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Learning objects – any information?


Do you have any experience in learning objects?
Or, do you have any information about this subject?
Any info welcomed.

Justine Gaubert

3 Responses

  1. Learning Objects
    This is the term currently being used by elearning developers to describe the small elements or components that can potentially be utilised to form an elearning course and a wider connected information base. The design of elearning courses, if done properly to release the potential of the medium, should be radically different in design to classroom courses. Conceptually it is a term taken from OO design, databases and programming and means small reusable components that can be accessed or assembled many times in different groupings. See for good explanations of OO and other IT terminology. In short one of the latest Bu*****t terms to impress colleagues and bore others. But seriously it is relevant as most elearning developers think ppt files with a voiceover is elearning! Sadly they miss the point and the potential.


  2. "Learning objects" is a misleading term
    As Tony says, this is a term that appears to have IT origins and is meant to describe something that will enable ICT to be used to full effect in the learning business. Its rather misleading, because essentially the term refers to subjects and not objects!

    By disaggregating learning into “granules” that can be stored in a database, you can achieve some interesting things. You can make up a learning programme by picking/mixing from the database and you might use learning objects to make your selection, for example. You can update just one granule, and every course that contains that granule will be up-to-date. You can search the database for keywords and select all the learning objects (granules) containing that word. In fact, learning objects as the “face” of learning delivered by database as compared to a linear on-line course presents the user with the same differences as information held in a database as opposed to a word processed document.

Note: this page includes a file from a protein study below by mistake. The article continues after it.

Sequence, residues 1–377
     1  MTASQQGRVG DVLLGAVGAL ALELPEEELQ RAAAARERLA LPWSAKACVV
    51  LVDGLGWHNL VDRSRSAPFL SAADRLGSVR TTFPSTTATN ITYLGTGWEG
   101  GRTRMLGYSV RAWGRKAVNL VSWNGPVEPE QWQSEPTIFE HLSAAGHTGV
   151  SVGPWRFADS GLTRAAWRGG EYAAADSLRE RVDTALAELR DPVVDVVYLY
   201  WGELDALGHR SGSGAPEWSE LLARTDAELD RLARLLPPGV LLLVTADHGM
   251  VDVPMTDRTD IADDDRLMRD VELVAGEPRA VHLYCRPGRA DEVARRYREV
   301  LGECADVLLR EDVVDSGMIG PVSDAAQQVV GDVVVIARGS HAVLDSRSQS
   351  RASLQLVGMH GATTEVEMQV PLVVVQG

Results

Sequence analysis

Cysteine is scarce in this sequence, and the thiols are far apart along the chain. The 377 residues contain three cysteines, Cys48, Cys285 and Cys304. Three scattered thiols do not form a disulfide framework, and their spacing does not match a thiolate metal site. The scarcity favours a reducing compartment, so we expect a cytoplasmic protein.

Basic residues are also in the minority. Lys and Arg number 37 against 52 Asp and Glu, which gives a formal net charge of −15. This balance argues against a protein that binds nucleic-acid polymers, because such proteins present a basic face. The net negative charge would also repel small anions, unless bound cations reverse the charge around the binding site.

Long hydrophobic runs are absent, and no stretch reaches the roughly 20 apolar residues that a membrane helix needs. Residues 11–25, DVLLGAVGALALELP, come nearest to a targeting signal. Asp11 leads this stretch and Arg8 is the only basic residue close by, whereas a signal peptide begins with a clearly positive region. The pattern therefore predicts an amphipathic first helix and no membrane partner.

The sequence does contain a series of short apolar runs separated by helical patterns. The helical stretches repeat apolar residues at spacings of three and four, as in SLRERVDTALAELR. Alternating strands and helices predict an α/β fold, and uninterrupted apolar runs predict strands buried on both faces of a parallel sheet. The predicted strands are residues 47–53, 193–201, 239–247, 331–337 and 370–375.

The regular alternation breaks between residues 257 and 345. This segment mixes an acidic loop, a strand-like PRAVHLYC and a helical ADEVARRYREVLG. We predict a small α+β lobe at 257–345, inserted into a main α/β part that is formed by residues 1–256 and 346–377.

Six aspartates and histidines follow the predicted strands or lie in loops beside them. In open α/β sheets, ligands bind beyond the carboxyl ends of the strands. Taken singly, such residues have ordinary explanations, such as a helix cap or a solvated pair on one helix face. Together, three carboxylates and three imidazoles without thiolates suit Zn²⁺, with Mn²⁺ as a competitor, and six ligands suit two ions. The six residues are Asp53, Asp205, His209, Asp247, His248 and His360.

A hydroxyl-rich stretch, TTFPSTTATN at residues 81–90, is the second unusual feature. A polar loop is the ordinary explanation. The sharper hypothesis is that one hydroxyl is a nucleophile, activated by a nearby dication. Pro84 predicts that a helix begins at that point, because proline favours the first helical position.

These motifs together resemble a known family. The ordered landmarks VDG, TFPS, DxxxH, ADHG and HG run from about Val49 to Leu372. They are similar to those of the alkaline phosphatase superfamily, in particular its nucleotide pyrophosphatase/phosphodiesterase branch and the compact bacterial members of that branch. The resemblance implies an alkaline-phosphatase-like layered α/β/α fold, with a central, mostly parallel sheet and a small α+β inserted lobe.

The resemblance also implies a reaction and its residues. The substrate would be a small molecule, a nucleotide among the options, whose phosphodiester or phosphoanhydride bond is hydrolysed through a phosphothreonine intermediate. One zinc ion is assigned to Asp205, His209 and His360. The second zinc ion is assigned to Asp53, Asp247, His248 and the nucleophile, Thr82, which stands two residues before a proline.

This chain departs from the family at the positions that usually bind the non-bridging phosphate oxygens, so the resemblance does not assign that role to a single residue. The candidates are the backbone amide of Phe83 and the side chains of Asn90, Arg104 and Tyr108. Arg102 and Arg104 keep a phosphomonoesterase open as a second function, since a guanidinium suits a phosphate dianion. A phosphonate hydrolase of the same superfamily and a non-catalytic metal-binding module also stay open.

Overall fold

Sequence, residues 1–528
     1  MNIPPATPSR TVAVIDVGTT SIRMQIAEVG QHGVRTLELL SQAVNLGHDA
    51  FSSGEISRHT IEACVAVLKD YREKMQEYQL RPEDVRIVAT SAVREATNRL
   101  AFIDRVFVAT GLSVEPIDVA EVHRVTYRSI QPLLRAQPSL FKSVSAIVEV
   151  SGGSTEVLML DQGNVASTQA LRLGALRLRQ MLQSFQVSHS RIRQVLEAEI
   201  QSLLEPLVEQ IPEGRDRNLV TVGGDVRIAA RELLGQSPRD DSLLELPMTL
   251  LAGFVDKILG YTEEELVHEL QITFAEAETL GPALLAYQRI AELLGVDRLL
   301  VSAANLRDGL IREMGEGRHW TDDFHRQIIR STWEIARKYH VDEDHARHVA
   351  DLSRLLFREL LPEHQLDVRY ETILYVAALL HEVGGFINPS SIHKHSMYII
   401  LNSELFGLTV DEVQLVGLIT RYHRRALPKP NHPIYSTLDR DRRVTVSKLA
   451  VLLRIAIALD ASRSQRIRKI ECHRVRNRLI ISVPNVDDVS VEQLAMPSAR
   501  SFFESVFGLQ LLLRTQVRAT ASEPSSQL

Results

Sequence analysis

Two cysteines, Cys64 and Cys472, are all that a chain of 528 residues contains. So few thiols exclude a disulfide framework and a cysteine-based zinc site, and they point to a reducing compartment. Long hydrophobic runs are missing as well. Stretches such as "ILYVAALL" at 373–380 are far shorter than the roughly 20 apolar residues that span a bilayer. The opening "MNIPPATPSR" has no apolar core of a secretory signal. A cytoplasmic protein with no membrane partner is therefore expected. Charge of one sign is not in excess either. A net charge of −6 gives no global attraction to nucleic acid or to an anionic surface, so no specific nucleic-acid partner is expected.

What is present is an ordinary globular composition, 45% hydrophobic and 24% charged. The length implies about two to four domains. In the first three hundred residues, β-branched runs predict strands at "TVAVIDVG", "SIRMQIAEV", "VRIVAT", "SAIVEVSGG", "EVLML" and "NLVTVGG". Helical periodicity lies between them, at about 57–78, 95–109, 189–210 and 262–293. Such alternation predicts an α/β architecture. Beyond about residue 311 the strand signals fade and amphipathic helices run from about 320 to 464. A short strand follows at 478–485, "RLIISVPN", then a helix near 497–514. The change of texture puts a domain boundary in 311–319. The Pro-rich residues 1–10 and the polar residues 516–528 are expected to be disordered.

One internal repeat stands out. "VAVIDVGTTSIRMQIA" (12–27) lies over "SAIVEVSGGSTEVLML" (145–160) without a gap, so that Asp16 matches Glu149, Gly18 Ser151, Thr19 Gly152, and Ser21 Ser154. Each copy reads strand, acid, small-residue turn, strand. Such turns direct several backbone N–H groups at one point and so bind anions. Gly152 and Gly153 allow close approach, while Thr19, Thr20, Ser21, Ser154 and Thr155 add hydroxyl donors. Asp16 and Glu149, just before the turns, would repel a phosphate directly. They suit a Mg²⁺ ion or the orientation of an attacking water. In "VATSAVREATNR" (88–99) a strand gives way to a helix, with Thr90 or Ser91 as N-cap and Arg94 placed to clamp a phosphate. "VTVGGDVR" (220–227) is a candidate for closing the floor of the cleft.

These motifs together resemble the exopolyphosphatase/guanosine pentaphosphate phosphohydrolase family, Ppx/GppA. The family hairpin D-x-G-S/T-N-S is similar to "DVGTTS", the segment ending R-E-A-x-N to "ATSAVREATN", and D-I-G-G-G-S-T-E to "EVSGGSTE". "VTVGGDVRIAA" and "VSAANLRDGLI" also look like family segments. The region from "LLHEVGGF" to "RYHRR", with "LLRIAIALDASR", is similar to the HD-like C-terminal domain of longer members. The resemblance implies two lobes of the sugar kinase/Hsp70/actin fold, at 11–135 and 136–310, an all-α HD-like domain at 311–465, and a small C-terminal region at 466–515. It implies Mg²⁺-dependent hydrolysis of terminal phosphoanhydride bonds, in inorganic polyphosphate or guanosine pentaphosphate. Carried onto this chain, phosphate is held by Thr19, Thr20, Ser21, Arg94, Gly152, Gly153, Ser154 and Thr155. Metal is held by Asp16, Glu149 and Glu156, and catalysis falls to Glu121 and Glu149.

It is not a new concept, just new words. Training & education professionals have been working on this concept for years. Well now the IT people have it and they are reinventing learning processes. Unfortunately, many of them have missed out on some fundamentals (you know, that Kolb and Gagne stuff). It’s a bit like putting school architects, builders or decorators in charge of the teaching. Actually, it’s potentially worse than that. It has the potential equivalent of building a school, equipping it with learning resources, and allowing the pupils to sort themselves out without any professional guidance.

    Is this where the LMS comes in? Sort of, but not entirely.

    Let me finish by saying that learning objects apparently provide more flexibility and choice for the learner. What they also do is to place even greater demands on those people who bear the responsibility for the quality of the learning.


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